If you’ve talked to me over the last six months and asked me how I am, you may have heard me mention my biggest struggle since leaving my day job in August to become self-employed. I mentioned it in my post on Hey Eleanor about quitting, and I am pretty sure I’ve bored my family and friends to tears with it, because it feels like I have been banging my head against a wall trying to solve this.
I knew when I left my day job that my schedule would be blown wide open; that I’d have a new level of control over what I did with every moment of the day. And that sounded thrilling, liberating and it made my mouth water with anticipation.
What I did not anticipate was the massively uncomfortable, uprooted feeling of standing in a vacuum when all of my previous systems, structures and routines were just gone. Once I was on my own, I realized I hadn’t fully acknowledged how much I had relied on the structure of my day before—this is the time I go to work. This is the time I get home. These are the errands I do on my lunch break. I work on my own businesses in the evenings. I don’t have free time.
Without these steady “compartments” in my life I was used to planning around and fitting into, it felt like gravity just got taken away. All of a sudden all my stuff started floating off the shelves and mingling together in a big, slow-moving chaotic mass in the middle of the room. And there was me, bumping into everything as I was trying my hardest to grasp at anything to anchor on to that felt familiar.
I tried instituting A New Routine, but it always felt sporadic, never like roots. Always like something I was forcing, never like something I could return to. Nothing that felt like home. I grew more and more frustrated when my attempts to return to something normal just wouldn’t seem to stick.
About three weeks ago, I was having a particularly rough night (frustrated with the randomness, and it was making me crabby) and I made three lists for myself: things that are working. things that are not working. new things I want to try.
And I was shocked to find, the one that surprised me (and made me feel better than before) was the “things that are working” list. I hadn’t noticed until I put them on paper, but there were a lot of things working about my new schedule.
Here is a sample of the list:
- Morning writing—intentions for the day, brain dump, analyze things, plan new ideas.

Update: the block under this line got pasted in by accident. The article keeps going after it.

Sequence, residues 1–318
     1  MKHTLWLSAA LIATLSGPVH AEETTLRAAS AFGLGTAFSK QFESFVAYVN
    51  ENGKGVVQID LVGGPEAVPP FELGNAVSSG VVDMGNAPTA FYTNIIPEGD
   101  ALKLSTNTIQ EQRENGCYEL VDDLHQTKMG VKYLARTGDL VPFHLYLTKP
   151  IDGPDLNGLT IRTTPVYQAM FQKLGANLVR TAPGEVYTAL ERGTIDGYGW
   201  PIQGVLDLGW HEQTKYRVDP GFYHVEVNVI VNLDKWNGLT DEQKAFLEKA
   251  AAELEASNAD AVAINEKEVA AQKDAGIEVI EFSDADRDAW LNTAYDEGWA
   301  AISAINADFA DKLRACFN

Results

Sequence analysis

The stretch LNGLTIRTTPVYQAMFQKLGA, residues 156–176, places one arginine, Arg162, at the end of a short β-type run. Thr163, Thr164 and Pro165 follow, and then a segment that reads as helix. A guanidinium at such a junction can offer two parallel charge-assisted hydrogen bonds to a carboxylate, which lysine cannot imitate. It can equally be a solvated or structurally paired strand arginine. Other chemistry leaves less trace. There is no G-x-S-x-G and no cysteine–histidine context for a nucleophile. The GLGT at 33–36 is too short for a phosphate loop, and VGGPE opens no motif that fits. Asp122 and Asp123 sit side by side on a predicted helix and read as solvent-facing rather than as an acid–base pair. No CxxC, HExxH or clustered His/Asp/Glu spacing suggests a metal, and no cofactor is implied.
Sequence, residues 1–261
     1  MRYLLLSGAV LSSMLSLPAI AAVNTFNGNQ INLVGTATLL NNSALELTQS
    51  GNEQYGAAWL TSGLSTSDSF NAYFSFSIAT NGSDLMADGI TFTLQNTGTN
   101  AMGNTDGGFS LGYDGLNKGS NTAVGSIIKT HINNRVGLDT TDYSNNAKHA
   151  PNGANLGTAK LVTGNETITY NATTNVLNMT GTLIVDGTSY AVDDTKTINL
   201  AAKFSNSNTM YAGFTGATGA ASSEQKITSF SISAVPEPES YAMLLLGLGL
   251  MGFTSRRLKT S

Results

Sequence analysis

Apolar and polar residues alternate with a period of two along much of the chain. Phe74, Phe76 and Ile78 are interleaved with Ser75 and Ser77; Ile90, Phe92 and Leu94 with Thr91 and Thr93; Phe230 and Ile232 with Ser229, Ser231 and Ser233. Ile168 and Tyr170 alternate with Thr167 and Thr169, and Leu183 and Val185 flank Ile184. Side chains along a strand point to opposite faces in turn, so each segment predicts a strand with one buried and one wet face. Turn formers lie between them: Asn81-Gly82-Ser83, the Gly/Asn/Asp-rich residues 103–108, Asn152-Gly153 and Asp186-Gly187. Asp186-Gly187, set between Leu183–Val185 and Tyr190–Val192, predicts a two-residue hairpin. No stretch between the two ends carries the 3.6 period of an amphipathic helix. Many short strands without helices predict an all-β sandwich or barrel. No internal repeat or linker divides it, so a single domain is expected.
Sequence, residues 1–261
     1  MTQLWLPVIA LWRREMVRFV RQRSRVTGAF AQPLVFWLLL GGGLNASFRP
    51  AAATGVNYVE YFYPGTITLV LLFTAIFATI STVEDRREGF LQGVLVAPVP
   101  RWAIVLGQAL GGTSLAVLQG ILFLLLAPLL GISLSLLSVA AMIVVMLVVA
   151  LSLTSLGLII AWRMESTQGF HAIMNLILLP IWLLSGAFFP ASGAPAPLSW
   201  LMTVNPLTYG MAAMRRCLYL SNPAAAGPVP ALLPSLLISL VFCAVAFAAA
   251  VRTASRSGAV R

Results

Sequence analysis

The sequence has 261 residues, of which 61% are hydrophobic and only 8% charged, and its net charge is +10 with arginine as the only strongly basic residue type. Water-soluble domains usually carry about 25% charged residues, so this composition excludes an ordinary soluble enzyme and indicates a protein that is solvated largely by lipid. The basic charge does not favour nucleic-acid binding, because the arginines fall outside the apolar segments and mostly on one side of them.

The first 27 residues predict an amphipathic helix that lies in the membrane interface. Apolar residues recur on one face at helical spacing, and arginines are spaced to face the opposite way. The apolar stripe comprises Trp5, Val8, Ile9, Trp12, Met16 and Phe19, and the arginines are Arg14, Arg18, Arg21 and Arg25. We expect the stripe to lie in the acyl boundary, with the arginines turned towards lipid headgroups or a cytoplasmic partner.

- Basecamp task management—weekly check-in on everything. Put time estimates by easy tasks *5 minutes* when scheduling the upcoming week.
- Scheduling blocks of time on the calendar for certain tasks.
- 10 minute Barre3 workout mid-morning or mid-afternoon; daily movement in general.
- Meditation (almost) every day
- Weekly meal planning (usually on the weekend)
- Weekly financial check-in (Fridays) with budgeting
- Weekly email cleanup (get all 3 of my inboxes to zero)
- Using chains.cc to track habits
It felt like progress, but it still didn’t feel like roots.
Last week was a rough one. A bunch of stuff hit at once, including an unexpected tight deadline with a client, some really bad nights of sleep and one of those random emotional upheavals that seem to smack you to the ground just when you think you’ve got a handle on something. (Tell me I’m not the only one that happens to.)
I’d been doing so well tracking all the habits I want to maintain, but last week I fell off the wagon on nearly all of them. I managed to keep writing every day, but I didn’t work out. I didn’t stretch. I was too tired to keep trying, so I abandoned everything. Queue image of the gravity-free room with me floating in the middle, bumping into shit.
After a few days, I started to feel better (which inevitably happens, even when you don’t think it will). I got a good night’s sleep, I finished the big project on time (and the customer was happy), I returned to a more centered emotional state. And I returned to my habits.
Here’s where the new thing happened. For the first time in a really long time, returning to these habits felt familiar, like returning to normalcy. And that’s the thing I’ve been missing, all this time.
I am now recognizing that through all of the uncomfortableness that was the last 6+ months, I have developed the framework of a new rhythm to my days. It’s not so much a routine, something that’s exactly the same every day, like going to work from 9 to 4:30. But it’s a bunch of little things that I do most days, often in the same window of time. And it feels like a breath of fresh
It’s so much easier to describe that transition now that I’ve found a first step out of it.
Is this interesting to you? If so, I’d love to hear about your own rhythm in the comments—what’s working? What feels uncomfortable? Leave a note in the comments, or email me at firstname.lastname@example.org.
I could talk about this all day, if I didn’t have a RHYTHM TO GET BACK TO! *grin*